COMMON PAIN SYNDROMES AND INJURIES RELATED TO THE SHOULDER INCLUDE, BUT ARE NOT LIMITED TO:
- Elbow and Wrist Pain
- Carpal Tunnel Syndrome
- Cubital Tunnel Syndrome
- "Golfer’s Elbow" [Medial Epicondylitis]
- Hand Injury
- "Tennis Elbow" [Lateral Epicondylitis]
- Wrist Fractures
The bones of the elbow are the humerus (the upper arm bone), the ulna (the larger bone of the forearm on the opposite side of the thumb), and the radius (the smaller bone of the forearm on the same side as the thumb). The elbow itself is essentially a hinge joint, meaning it bends and straightens like a hinge. There is a second joint where the end of the radius (the radial head) meets the humerus. This joint is complicated because the radius has to rotate so that you can turn your hand palm up and palm down. At the same time, it has to slide against the end of the humerus as the elbow bends and straightens. The joint is even more complex because the radius has to slide against the ulna as it rotates the wrist as well. The end of the radius at the elbow is shaped like a smooth knob with a cup at the end to fit on the end of the humerus. The edges are smooth where it glides against the ulna.
The muscles of the forearm cross the elbow and attach to the humerus. The outside, or lateral, bump just above the elbow is called the lateral epicondyle. Most of the muscles that straighten the fingers and wrist all come together in one tendon to attach in this area. The inside, or medial, bump just above the elbow is called the medial epicondyle. Most of the muscles that bend the fingers and wrist all come together in one tendon to attach in this area. These two tendons are important to understand because they are a common location of tendonitis. The main muscles that are important at the elbow are the biceps, the triceps, the wrist extensors (attaching to the lateral epicondyle) and the wrist flexors (attaching to the medial epicondyle).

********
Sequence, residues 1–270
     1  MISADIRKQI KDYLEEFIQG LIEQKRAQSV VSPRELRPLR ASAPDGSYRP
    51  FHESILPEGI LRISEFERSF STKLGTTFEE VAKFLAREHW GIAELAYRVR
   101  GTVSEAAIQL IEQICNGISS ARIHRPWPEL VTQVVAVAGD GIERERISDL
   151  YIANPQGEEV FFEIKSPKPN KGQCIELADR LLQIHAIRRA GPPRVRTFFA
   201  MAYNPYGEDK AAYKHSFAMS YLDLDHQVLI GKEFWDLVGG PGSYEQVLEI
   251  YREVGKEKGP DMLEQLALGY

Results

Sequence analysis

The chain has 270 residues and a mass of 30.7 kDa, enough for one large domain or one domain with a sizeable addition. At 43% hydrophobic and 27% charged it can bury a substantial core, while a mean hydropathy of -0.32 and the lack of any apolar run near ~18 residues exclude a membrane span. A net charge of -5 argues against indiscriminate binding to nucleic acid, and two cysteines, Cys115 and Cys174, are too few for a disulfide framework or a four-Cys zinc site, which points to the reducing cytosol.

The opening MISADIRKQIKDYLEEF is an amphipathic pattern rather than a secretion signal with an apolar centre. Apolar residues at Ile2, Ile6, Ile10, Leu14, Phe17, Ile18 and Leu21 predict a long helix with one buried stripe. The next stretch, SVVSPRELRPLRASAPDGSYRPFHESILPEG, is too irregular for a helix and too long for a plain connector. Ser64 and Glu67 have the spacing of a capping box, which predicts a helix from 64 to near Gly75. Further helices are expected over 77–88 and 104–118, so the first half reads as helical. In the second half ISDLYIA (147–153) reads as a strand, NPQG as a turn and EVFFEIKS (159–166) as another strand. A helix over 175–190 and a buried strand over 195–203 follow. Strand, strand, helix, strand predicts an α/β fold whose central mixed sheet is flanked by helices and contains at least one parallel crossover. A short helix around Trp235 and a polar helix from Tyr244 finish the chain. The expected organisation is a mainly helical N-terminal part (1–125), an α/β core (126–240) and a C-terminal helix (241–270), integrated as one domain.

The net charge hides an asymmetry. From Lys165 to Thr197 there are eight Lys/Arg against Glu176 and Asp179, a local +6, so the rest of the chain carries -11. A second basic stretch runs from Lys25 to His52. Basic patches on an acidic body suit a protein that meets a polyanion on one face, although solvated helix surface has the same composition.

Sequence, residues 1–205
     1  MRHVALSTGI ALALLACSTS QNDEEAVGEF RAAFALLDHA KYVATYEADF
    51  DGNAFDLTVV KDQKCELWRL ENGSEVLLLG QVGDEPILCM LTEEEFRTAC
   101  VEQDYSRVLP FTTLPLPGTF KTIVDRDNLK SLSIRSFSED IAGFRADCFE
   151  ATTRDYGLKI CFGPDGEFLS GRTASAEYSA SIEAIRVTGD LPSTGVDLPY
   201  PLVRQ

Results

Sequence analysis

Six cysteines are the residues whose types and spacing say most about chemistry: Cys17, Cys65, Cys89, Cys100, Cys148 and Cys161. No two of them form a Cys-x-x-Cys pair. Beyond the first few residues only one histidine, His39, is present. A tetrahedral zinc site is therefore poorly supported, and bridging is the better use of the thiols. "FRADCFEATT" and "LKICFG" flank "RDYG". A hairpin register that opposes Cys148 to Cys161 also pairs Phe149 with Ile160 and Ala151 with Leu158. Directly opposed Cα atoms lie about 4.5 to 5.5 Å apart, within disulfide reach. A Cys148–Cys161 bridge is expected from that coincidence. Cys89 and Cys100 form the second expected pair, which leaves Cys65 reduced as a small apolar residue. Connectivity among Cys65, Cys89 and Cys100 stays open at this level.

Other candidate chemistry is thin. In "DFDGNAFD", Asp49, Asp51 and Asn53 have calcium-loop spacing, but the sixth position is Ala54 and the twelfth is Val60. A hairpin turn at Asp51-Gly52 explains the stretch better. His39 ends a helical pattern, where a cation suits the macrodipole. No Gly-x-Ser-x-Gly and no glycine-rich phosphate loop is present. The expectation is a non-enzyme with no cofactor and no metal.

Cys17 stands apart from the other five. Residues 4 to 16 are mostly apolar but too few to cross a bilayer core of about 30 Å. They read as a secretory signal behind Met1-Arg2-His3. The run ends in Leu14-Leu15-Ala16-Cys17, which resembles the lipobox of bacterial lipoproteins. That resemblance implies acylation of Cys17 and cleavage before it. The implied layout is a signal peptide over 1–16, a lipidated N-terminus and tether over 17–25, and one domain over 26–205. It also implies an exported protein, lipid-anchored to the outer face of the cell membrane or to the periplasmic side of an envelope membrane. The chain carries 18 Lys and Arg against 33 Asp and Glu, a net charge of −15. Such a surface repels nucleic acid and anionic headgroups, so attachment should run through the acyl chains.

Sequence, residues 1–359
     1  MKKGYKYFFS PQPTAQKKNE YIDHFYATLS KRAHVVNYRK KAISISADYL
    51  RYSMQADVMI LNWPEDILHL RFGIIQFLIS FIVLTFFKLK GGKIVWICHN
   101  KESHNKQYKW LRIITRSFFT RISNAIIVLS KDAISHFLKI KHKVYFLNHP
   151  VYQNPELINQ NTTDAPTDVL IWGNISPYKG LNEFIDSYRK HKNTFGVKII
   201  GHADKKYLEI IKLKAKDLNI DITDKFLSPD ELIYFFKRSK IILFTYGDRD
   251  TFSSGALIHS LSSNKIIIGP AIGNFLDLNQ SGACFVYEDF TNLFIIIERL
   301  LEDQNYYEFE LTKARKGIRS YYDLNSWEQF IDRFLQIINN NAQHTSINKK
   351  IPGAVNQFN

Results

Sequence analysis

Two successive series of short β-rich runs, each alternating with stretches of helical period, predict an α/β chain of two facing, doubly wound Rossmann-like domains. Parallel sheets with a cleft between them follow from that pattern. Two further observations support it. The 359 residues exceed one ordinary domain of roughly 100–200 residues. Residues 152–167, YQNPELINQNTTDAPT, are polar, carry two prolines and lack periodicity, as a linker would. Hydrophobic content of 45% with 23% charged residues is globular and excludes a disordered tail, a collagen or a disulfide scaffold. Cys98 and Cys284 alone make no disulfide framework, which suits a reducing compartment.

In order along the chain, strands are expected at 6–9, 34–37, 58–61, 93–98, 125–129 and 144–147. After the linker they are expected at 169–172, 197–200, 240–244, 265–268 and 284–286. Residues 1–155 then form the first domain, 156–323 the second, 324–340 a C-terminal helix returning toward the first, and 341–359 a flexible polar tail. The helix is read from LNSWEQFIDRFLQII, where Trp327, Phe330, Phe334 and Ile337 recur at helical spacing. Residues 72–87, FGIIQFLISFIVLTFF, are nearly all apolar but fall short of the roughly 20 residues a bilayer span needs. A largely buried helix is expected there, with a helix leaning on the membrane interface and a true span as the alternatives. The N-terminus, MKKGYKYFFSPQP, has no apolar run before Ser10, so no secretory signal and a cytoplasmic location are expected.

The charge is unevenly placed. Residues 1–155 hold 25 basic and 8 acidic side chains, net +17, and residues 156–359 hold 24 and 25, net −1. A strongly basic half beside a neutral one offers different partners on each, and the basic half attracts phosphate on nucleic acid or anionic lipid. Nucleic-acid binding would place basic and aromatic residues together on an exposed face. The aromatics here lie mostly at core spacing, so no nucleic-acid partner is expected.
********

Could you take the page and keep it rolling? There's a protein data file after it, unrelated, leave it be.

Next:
The wrist joint is a very complex joint formed between the ends of the radius and ulna and the carpal bones. It is a joint that connects the arm to the hand. There are 8 carpal bones: Lunate, Triquetrum, Pisiform, Capitate, Trapezium, Trapezoid, Hamate, Scaphoid. Two bones, the scaphoid and the lunate, articulate with the radius and ulna to form the wrist joint. Most of the forearm muscles have a tendon that crosses the wrist joint and attaches in the hand. There are many muscles on the front and back of the forearm that are responsible for flexing and extending our hand. Three nerves pass from the forearm, across the wrist and into the hand. These are the radial nerve, the median nerve and the ulnar nerve. The radial nerve it towards the thumb side and provides sensation to the back of the hand from the thumb to middle finger. The median nerve is involved in carpal tunnel syndrome and supplies sensation to the thumb and next two fingers with sensation on just half of the ring finger. The ulnar nerve in on the pinky side and reaches the other half of the ring finger and the pinky.